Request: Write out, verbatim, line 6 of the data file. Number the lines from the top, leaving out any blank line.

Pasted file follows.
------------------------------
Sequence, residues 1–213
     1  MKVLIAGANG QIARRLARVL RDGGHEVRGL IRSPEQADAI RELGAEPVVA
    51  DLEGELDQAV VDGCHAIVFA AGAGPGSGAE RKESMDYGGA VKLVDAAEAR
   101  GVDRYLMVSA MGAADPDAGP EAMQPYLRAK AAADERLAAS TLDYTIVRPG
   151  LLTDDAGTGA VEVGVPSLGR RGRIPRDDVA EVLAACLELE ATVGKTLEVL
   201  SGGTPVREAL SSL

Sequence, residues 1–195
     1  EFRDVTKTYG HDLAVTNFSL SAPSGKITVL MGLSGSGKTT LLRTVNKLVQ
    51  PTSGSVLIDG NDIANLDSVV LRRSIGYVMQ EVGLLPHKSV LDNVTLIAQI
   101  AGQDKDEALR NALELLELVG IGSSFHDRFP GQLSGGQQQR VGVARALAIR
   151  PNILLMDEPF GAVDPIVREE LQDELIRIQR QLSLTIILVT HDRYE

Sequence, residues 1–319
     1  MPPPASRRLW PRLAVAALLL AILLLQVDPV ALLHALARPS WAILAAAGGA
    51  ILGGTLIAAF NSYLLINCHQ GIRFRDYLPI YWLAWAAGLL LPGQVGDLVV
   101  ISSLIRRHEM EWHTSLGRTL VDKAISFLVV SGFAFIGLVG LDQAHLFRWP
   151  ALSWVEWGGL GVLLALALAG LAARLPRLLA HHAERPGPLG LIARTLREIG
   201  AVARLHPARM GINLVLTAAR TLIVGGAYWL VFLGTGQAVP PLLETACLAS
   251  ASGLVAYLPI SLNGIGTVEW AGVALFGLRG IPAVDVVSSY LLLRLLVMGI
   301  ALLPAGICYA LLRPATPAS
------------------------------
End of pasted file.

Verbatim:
   201  SGGTPVREAL SSL